Chapter One: Pets & the Environmental Health Practitioner (EHP)

Why people have animals

 

Dogs are very important to Aboriginal and Torres Strait Islander people for all sorts of reasons. For some Aboriginal and Torres Strait Islander people, cats are important pets too.

Pets can be good friends to people.

People love their pets. Old people and children often have very special times with their dogs and cats. 

Healthy dogs and cats are fun to play with and have around.

Having good pets can help people’s mental health.

Research shows that patting a pet can make people’s blood pressure and heart rates go down, helping to take away stress and worries.

In places where it gets cold, dogs can also help keep people warm at night.

Dogs keep families safe.

Dogs can protect people.

They can stop unwanted people coming into houses.

They can also be used to warn people about harm from the spirit world.

Dogs help people hunt for food.

With training, some dogs become very good hunters. 

Sometime these dogs need special management though, so that they don’t use their hunting instincts within the community.

 

 

People might have cats to keep rodents and snakes away.

Cats are very good hunters – they will hunt any native or introduced small animals or birds.

Some people keep cats to help keep mice, rats or snakes away from their house.

Dogs are an important part of Indigenous culture.

 

Dog dreaming is part of the spiritual life in many communities. 

Some dogs may be very sacred in some communities.  

Some people have the dog as their dreaming or totem.

People sing and dance dog.  There are creation stories about dogs.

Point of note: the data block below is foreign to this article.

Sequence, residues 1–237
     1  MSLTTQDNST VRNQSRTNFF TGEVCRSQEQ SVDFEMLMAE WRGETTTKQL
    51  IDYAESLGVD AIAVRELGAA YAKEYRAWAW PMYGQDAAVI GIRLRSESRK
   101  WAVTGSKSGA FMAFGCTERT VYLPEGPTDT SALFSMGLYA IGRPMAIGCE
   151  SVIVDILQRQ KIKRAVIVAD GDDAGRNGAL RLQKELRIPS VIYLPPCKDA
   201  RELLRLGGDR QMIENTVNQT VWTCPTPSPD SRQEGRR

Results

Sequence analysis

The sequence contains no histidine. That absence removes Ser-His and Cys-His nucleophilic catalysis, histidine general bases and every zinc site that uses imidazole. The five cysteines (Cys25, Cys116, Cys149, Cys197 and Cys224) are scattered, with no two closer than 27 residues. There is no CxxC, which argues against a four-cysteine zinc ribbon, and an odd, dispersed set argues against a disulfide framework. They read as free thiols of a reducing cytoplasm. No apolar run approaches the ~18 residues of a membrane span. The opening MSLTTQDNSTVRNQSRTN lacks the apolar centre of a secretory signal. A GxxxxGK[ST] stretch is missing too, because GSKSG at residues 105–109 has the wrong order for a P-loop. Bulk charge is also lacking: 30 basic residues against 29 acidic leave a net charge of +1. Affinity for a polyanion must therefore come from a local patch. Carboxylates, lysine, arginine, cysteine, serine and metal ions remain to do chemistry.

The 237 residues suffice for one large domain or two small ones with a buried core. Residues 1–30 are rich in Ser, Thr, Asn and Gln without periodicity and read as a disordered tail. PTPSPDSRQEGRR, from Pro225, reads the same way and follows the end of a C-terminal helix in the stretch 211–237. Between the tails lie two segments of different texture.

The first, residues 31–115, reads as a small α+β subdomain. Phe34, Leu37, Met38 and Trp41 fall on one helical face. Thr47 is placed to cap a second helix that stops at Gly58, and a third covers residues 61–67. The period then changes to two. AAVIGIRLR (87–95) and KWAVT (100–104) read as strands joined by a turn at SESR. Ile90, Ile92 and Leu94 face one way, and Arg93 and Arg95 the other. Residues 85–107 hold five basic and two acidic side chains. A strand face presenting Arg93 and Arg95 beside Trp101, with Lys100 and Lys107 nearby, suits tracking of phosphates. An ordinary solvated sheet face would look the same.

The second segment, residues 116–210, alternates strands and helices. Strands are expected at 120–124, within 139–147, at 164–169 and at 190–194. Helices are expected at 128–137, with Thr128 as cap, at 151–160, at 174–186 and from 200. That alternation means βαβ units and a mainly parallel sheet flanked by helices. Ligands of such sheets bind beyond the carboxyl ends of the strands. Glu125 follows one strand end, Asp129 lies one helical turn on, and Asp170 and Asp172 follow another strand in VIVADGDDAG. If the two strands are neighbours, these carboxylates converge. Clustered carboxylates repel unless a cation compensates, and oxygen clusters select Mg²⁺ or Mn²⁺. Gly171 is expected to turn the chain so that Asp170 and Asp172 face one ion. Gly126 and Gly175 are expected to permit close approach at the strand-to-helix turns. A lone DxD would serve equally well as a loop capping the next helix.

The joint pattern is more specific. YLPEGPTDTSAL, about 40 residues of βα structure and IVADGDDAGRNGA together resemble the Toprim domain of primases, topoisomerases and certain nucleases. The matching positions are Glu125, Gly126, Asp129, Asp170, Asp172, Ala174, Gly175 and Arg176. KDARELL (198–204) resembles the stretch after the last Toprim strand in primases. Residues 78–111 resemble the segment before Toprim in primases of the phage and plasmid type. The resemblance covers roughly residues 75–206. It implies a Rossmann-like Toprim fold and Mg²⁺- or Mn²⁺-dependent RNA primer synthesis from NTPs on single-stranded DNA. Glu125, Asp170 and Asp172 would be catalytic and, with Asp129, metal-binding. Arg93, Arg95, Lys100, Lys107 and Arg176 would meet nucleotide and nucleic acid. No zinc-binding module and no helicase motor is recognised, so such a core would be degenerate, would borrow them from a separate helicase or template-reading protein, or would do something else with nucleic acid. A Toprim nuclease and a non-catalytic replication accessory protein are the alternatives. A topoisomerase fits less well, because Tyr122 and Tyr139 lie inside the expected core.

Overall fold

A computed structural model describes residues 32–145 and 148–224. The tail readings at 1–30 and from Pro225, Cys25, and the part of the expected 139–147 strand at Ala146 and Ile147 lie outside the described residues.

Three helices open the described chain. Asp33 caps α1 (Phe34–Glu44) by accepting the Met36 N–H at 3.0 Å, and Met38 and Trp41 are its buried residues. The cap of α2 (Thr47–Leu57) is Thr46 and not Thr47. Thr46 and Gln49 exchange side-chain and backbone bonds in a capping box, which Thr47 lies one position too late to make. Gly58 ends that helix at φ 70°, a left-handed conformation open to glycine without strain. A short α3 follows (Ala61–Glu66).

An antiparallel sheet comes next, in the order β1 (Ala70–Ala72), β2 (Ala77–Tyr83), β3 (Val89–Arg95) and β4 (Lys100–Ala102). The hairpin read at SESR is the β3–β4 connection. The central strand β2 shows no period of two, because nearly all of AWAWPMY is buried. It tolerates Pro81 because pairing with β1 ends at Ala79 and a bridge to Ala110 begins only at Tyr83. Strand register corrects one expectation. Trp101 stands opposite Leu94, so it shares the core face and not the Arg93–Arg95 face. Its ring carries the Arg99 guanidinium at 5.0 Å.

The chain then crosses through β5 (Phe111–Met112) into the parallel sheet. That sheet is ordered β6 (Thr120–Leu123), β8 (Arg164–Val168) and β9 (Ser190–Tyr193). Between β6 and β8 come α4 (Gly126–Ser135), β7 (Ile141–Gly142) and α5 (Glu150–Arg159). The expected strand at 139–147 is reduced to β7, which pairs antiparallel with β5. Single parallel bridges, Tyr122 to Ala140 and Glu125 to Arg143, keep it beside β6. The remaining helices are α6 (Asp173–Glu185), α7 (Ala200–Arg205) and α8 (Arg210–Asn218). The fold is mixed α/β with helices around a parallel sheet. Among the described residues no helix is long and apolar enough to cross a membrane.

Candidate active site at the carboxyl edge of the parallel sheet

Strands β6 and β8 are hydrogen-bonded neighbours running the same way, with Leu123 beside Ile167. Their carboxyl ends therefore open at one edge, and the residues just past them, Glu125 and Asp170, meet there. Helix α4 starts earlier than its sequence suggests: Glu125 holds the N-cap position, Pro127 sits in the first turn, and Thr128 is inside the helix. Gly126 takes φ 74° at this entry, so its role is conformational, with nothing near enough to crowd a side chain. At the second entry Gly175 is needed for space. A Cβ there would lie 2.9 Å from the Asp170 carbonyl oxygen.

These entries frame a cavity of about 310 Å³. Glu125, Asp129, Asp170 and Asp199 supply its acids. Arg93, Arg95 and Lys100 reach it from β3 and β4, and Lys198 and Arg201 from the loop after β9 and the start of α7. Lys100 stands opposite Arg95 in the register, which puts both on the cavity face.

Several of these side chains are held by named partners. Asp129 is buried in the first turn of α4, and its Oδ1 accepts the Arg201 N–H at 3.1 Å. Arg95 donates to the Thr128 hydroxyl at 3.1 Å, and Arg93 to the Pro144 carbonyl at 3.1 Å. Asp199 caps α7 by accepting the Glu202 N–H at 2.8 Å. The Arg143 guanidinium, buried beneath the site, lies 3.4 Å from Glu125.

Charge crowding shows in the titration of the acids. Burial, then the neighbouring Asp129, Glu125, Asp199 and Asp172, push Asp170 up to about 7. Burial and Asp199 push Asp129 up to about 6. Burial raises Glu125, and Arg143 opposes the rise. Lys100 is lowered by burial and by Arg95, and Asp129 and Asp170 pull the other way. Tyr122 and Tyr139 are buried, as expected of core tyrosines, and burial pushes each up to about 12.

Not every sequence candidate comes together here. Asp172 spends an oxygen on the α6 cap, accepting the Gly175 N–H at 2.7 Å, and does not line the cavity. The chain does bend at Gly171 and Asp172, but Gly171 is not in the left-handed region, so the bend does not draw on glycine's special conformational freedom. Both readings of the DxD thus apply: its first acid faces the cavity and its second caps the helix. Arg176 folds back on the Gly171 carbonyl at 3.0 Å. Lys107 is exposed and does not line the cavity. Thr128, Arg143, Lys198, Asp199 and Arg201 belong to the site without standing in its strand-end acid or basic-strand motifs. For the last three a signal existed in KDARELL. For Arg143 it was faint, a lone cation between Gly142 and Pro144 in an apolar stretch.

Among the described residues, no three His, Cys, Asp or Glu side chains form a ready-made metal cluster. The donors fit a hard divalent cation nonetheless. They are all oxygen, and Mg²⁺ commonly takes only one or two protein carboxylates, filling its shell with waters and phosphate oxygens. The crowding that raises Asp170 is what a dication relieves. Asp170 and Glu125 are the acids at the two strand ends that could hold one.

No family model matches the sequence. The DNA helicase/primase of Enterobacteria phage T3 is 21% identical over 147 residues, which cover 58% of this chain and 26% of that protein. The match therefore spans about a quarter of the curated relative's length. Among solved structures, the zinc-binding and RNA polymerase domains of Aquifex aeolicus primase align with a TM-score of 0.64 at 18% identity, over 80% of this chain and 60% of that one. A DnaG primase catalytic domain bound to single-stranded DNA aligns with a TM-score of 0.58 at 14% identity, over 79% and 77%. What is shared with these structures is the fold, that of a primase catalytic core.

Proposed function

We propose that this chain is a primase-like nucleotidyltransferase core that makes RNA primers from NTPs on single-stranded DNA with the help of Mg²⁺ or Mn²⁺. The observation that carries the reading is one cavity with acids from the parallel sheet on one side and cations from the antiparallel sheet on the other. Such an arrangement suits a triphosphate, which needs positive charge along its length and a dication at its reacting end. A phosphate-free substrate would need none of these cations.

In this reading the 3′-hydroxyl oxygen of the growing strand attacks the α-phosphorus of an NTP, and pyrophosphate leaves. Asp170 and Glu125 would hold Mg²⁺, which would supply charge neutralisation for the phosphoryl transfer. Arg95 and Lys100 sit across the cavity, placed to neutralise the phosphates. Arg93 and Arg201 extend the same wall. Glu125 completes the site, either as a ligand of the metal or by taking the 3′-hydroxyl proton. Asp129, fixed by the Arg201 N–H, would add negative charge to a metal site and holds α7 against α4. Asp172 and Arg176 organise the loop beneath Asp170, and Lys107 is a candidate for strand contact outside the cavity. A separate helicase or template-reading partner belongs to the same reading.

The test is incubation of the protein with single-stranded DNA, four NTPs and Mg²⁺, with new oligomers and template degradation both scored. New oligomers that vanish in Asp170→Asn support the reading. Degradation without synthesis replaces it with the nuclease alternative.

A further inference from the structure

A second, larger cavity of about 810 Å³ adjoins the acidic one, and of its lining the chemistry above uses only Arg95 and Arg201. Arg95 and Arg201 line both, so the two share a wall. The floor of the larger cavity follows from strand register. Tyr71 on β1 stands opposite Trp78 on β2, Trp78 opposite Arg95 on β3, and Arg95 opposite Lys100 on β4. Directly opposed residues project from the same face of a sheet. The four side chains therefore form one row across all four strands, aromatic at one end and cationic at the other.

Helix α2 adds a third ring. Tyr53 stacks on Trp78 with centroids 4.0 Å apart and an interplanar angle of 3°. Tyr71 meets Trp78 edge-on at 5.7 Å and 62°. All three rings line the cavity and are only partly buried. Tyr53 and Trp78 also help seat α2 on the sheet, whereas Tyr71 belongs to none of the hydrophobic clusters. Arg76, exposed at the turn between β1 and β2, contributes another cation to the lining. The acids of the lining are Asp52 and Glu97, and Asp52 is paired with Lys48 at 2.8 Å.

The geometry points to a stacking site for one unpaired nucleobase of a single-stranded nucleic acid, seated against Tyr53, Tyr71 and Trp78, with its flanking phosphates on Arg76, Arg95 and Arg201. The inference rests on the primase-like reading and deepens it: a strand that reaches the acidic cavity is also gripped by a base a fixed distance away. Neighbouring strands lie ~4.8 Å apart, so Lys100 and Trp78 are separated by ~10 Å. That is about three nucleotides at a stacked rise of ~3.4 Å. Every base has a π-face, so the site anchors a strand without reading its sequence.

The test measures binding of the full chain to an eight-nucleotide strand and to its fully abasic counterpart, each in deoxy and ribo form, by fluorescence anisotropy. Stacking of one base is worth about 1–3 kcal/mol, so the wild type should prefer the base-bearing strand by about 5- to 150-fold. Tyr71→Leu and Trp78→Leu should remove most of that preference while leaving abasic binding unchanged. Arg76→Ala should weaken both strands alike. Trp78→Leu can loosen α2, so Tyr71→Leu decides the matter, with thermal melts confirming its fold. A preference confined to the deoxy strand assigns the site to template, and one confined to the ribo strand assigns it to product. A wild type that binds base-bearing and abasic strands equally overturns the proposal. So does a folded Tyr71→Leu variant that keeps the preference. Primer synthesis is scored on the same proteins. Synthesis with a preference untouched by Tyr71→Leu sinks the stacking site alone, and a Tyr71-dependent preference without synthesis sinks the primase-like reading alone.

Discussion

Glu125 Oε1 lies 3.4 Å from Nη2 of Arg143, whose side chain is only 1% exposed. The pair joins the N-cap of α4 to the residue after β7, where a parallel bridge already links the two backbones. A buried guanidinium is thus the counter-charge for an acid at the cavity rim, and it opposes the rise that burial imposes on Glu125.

Dogs can have skin names.

The EHP and dog owners can work to keep dogs healthy. This can help keep the community and culture strong.

The role of the EHP in animal health and management programs

 

The Environmental Health Practitioner (EHP) and their team are the most important parts of any animal health and management program.

A team that runs a well-planned animal health and management program can make dogs and cats healthier, happier and more manageable.

Many problems with pets can be fixed by the EHP team with only a little bit of outside help. The more the EHP team fixes the problems by itself, the more dog and cat owners will like the program and the cheaper the program will be for the community.

With training and support, you can:

  • Talk with people to work out what people see as dog and cat problems, and make people aware of the animal health and management program.
  • Plan a long-term animal health and management program with the community, management and vets.
  • Work with the vet and the EHO, being a community liaison and cultural advisor.
  • Give medicines to animals to keep them clean and healthy.
  • Keep good records of dog and cat populations, to show the work being done, and improvements being made.
  • Follow the vet and management’s advice to deal with sick, injured, stray, feral or cheeky animals.
  • Give dog and cat owners good advice on how to care for their animals.
  • Give talks at school about animal health and welfare and how to avoid dog bites.
  • Work with the health clinic to:
    • identify when germs are transferring between animals and people,
    • identify dogs that have bitten people, and
    • promote things that people can do to stay healthy and safe around animals.
  • Work as part of a research team to learn more about the links between animal and human health and wellbeing. AMRRIC is a good contact point for anyone interested in doing research in their communities.
  • Talk to the shop about what animal products they can sell for dogs and cats.
  • Talk with the council to make sure that animal-related by-laws respect culture and traditional law.
  • Make sure all dog and cat owners know about state or local government laws about keeping animals.
  • Report to the community, management and council, about how the program is going.